Hebat

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Hebat
Other names Kheba
Khepat
Spouse(s) Teshub
Children Sarruma
Alanzu

Hebat, also transcribed, Kheba or Khepat, was the mother goddess of the Hurrians, known as "the mother of all living".[1] She is also a Queen of the deities.

Mythical family[edit]

Hebat is married to Teshub and the mother of Sarruma and Alanzu, as well mother-in-law of the daughter of the dragon Illuyanka.

Name derivation[edit]

Queen Kubaba may have been deified, becoming Hebat

It is thought that Hebat may have had a Southern Mesopotamian origin, being the deification of Kubaba, the founder and first ruler of the Third Dynasty of Kish. The name may be transliterated in different versions - Khebat with the feminine ending -t is primarily the Syrian and Ugaritic version.

In the Hurrian language Hepa is the most likely pronunciation of the name of the goddess. In modern literature the sound /h/ in cuneiform sometimes is transliterated as kh.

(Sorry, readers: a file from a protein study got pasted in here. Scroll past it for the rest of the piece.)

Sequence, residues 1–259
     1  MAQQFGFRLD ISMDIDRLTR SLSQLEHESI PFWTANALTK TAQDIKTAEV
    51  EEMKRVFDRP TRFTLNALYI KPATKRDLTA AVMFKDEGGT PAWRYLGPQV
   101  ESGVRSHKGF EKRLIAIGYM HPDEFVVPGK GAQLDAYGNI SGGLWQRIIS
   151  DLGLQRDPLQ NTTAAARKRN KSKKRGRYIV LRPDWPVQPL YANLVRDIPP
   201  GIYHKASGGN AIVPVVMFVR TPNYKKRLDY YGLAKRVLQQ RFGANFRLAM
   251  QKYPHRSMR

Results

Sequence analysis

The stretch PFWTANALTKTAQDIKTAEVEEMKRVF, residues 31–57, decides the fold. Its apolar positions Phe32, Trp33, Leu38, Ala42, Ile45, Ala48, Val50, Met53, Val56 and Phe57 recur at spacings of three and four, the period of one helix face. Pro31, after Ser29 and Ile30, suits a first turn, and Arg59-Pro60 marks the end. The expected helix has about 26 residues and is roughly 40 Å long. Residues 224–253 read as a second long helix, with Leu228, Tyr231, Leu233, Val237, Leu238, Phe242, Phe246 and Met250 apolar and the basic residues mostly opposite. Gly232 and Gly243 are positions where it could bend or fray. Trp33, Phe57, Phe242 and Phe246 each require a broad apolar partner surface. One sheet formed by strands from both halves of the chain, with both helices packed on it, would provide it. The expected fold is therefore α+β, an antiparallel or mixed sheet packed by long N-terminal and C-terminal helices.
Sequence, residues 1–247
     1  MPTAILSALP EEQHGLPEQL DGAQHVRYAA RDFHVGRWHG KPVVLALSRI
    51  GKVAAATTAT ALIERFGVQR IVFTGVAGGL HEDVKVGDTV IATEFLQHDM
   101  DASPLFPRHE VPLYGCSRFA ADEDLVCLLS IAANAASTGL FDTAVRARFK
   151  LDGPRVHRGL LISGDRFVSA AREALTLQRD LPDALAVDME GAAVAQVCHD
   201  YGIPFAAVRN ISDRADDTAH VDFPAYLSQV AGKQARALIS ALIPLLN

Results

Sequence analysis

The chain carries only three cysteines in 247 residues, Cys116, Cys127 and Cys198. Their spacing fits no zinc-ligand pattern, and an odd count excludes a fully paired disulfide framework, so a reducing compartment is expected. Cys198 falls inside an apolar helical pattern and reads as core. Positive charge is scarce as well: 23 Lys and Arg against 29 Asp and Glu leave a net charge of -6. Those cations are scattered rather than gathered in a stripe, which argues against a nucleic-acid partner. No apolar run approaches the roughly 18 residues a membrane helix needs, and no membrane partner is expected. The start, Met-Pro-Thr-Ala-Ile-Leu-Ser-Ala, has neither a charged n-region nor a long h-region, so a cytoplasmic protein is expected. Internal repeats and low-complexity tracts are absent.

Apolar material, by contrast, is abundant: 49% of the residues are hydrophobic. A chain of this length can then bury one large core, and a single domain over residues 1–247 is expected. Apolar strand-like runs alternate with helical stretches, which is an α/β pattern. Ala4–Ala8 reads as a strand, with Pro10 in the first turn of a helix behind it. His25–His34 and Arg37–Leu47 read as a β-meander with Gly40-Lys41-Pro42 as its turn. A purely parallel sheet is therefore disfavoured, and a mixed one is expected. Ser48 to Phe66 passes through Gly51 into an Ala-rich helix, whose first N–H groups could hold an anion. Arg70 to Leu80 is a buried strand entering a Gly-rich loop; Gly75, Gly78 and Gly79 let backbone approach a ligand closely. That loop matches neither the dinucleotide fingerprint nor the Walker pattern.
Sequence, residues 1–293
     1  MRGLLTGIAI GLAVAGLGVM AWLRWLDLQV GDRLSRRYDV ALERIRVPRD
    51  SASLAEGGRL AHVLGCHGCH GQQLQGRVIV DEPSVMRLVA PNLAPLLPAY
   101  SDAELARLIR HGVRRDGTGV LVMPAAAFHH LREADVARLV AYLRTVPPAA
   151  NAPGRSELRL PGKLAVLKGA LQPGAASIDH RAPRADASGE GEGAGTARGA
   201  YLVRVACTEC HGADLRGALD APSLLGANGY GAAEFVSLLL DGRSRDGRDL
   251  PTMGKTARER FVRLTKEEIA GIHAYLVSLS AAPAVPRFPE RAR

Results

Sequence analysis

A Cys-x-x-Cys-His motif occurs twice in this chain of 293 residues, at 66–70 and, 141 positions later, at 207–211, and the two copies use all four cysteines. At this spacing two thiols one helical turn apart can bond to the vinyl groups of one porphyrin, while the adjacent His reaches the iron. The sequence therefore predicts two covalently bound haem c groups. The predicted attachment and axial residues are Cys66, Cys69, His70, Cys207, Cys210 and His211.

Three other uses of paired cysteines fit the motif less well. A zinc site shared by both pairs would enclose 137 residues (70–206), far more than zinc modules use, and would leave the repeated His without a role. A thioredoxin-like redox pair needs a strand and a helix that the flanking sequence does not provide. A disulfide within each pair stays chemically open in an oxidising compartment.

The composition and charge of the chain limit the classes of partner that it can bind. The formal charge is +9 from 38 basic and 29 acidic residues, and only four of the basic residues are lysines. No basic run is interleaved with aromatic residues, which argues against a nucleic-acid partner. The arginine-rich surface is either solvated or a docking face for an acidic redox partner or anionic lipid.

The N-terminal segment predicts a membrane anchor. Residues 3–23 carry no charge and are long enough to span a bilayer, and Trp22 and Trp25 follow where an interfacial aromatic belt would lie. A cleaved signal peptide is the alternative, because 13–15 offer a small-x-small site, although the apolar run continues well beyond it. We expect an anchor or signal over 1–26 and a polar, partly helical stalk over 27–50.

During Aramaean times Hebat also appears to have become identified with the goddess Hawwah, or Eve.

Arinniti[edit]

The Hittite sun goddess Arinniti was later assimilated with Hebat. A prayer of Queen Puduhepa makes this explicit: "To the Sun-goddess of Arinna, my lady, the mistress of the Hatti lands, the queen of Heaven and Earth. Sun-goddess of Arinna, thou art Queen of all countries! In the Hatti country thou bearest the name of the Sun-goddess of Arinna; but in the land which thou madest the cedar land thou bearest the name Hebat."[2]

Widespread veneration[edit]

Hebat was venerated all over the ancient Near East. Her name appears in many theophoric personal names. A king of Jerusalem mentioned in the Amarna letters was named Abdi-Heba, possibly meaning "Servant of Hebat".[3]

The mother goddess is likely to have had a later counterpart in the Phrygian goddess Cybele.

See also[edit]

References[edit]

  1. ^ Beckman, G.: Pantheon A. II. Bei den Hethitern. In: Edzard, D. O. et al. (Hrsg.): Reallexikon der Assyriologie und Vorderasiatischen Archäologie. Munich, 2010.
  2. ^ Bach, Alice Women in the Hebrew Bible Routledge; 1 edition (3 Nov 1998) ISBN 978-0-415-91561-8 p.171
  3. ^ Donald B. Redford, Egypt, Canaan, and Israel in Ancient Times, Princeton University Press, 1992 p.270.

External links[edit]